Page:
In Season 3, “Acapulco” Remains Maximalist Fun with Heart

Apple TV Acapulco key art

Apple TV+’s colorful work comedy, Acapulco, is finishing its third season after a year and a half off the air and it may be better than ever. Created by Austin Winsberg, Eduardo Cisneros, and Jason Shuman, the hit bilingual series stars Emmy and SAG Award winner Eugenio Dérbez (Instructions Not Included, Overboard), who continues to find entertaining and uplifting ways to portray the “self-history” of its protagonist, Máximo Gallardo Ramos.

Loosely inspired by the movie How to Be a Latin Lover, the Acapulco series goes back and forth between the 80’s and the present to show how Máximo Gallardo, a humble pool attendant, becomes a powerful Mexican tycoon. In the present time, an adult version of Máximo Gallardo (Eugenio Dérbez), tells his mischievous 14-year-old nephew Hugo (Raphael Alejandro) the story of his youthful experiences in Acapulco, Mexico. Meanwhile, in the joyous 1980s, a naïve young version of Máximo (Enrique Arrizon), tries to make his way in the resort of Las Colinas, as he deals with family conflicts and disappointments in love.

Told in both Spanish and English, Acapulco is filled with humor, Latin flavor, and an impressive, maximalist aesthetic.

Season Three Lets the Cast Shine

Acapulco has already carved out a comic identity of its own by its third season so it can now expand its world, which gets richer as we learn more about its non-Máximo inhabitants.

In 1985, Máximo is finally with Julia, the girl of his dreams, and has earned a well-deserved promotion to the surprisingly challenging Assistant Operations Manager at Las Colinas. From the daily hustle and bustle to the unusual whims of guests to extravagant events, the young man discovers many secrets and the less charming side of hotel management. Determined to conquer his growing ambitions, the twenty-something spends his days tempted to cross certain lines he shouldn’t.

One of the smartest things Winsberg, Cisneros, and Shuman do is to lean on their committed cast and let them develop and shine, making us care about the gentle Máximo, his endearing and loyal friend Memo (Fernando Carsa), the talented designer Julia (Camila Perez), the Casanova of the pool Hector (Rafael Cebrián), the spoiled and clueless Chad (Chord Overstreet), the diligent Chief of Operations Don Pablo (Damian Alcazar), and the former telenovela star turned entrepreneur Diane (Jessica Collins). Beyond their initial comedic roles, each and every one returns with notably expanded storylines.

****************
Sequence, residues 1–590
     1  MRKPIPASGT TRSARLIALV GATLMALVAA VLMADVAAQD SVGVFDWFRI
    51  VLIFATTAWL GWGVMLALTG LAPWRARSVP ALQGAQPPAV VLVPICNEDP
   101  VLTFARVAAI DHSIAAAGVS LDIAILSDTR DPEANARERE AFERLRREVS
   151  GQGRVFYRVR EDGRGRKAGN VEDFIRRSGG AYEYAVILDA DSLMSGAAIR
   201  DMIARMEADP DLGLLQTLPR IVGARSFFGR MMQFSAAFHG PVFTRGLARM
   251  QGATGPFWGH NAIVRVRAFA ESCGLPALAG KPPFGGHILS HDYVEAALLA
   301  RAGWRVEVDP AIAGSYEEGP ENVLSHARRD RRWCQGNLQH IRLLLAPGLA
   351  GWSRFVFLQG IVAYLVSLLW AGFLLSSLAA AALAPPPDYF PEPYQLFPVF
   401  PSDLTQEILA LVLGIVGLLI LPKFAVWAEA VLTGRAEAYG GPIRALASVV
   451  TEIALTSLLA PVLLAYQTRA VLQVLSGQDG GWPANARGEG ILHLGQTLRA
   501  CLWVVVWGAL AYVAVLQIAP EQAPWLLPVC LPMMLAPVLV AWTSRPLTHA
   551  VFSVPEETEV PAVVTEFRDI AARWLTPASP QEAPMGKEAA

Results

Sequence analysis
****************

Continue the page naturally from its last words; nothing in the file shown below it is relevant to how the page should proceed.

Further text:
They Keep It Balanced

Like Ted Lasso, Acapulco strives to keep a healthy balance between its charismatic lead performance (Dérbez and Arrizon, each with something valuable to offer) and a handful of equally entertaining supporting characters.

For example, midway through the season, Héctor, the flamboyant hunk from the pool area, gets his own arc in Take a Chance on Me. Without being overly sentimental or cloying, the episode delves into the inner and family life of one of the cast’s most promising characters. Meanwhile, in the present, Máximo finds himself back in Las Colinas and deeply repulsed by how much the iconic resort has changed. He can’t just revisit his favorite memories, he has to confront his messy relationships and regrets. It’s a smartly balanced episode in a season full of them.

And Make the Most Out of Guest Stars

Jamie Camil in Acapulco

Guest stars joining the third installment include Jaime Camil (Jane the Virgin), Karen Rodriguez (Swarm), and Cristo Fernandez (Ted Lasso). Camil is brilliant as Alejandro Vera, the sexy new co-owner of Las Colinas. The same can be said for Fernandez, who brings to life Gustavo, Máximo’s artistic and reckless son-in-law. For her part, the hilarious Karen Rodriguez steals the show as Dulce, Memo’s cunning sister, who now works inside the resort and is ready to be Máximo’s rival.

Acapulco Gets the Big and the Little Things Rights

Whoever’s on screen, Acapulco remains a series about chasing dreams, self-improvement, human warmth, the hotel world, and acts of service and hospitality. Season three adds to this mix by exploring themes such as human ambition, work ethic, the costs of an all-consuming career, reconciliation, and new beginnings.

Plus, if there’s one thing we can trust, it’s that Acapulco’s production design and set look as bright and flashy as ever. This is a show that dresses every scene with charming details of yesteryear. I loved, for example, seeing the return of the poolside musicians (the incredible performers Rossana De Leon and Rodrigo Urquidi), who energetically sing Spanish-language versions of great ’80s classics, splashing us with nostalgia. So, while Acapulco’s fourth season has not yet been confirmed, I’m rooting for it. It would be quite a treat to return to Las Colinas and spend more time with Máximo, Memo, and all the well-meaning Latinos who bring the hotel to life.

The final episode of Acapulco’s third season premieres Wednesday, June 26 on Apple TV+.

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